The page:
Health A-Z

Medical Content Created by the Faculty of the Harvard Medical School


What Is It?

Contrary to its name, heart failure does not mean the heart has failed completely. It means the heart is pumping inefficiently and no longer can meet the body's need for blood. This inefficient pumping causes a backup of blood in the veins leading to the heart, and causes the kidney to retain fluid. As a result, the body's tissues swell. The swelling (edema) most commonly affects the legs, but it also can occur in the lungs, causing breathing difficulty, and in other tissues and organs.

Heart failure often is the end stage of another form of heart disease. Its many causes include:

  • Coronary artery disease

  • High blood pressure (hypertension)

  • Heart valve disorders (including rheumatic heart disease)

  • Congenital heart disorders

  • Cardiomyopathy (disease of the heart muscle)

  • heart attack

  • Cardiac arrhythmias (problems with the heart rate and/or rhythm)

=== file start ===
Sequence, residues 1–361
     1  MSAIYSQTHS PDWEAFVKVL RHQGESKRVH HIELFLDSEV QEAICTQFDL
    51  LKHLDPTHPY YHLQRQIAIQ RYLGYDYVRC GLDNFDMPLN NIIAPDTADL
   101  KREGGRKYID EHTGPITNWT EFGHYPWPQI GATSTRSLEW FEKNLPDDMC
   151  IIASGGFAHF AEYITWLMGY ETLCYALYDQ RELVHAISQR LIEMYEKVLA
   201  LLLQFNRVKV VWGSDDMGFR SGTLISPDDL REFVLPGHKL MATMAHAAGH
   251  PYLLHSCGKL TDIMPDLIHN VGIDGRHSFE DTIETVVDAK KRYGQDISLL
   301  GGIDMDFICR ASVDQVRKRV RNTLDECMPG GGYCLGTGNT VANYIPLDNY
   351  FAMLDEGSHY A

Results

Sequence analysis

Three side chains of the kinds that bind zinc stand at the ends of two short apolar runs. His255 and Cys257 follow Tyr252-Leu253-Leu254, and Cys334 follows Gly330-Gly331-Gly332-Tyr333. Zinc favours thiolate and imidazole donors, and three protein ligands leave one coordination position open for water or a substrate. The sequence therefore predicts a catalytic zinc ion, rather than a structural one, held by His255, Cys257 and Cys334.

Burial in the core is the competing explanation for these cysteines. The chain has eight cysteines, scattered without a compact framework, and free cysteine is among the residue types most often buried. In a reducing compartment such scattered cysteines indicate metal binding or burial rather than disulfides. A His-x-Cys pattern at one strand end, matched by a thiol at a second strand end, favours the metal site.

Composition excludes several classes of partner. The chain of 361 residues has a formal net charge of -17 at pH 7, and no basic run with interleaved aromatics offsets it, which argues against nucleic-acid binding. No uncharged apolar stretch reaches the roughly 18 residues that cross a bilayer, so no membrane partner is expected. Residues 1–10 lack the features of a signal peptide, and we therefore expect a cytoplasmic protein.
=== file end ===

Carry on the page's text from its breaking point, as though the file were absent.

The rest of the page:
• Exposure to toxins, including excessive alcohol

Hyperthyroidism, diabetes and chronic (long-lasting) lung disease also increase the risk of heart failure.

In some people with heart failure, the heart muscles become weaker and cannot pump as well. In other people, the heart muscles become stiff and the heart cannot fill with enough blood between heartbeats.

The number of cases of heart failure continues to increase in the United States. This probably is the result of an aging population, together with medical advances that have prolonged the lives of people with other forms of heart disease, allowing heart failure to develop.

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From Health A-Z, Harvard Health Publications. Copyright 2007 by the President and Fellows of Harvard College. All rights reserved. Written permission is required to reproduce, in any manner, in whole or in part, the material contained herein. To make a reprint request, contact Harvard Health Publications. Used with permission of StayWell.

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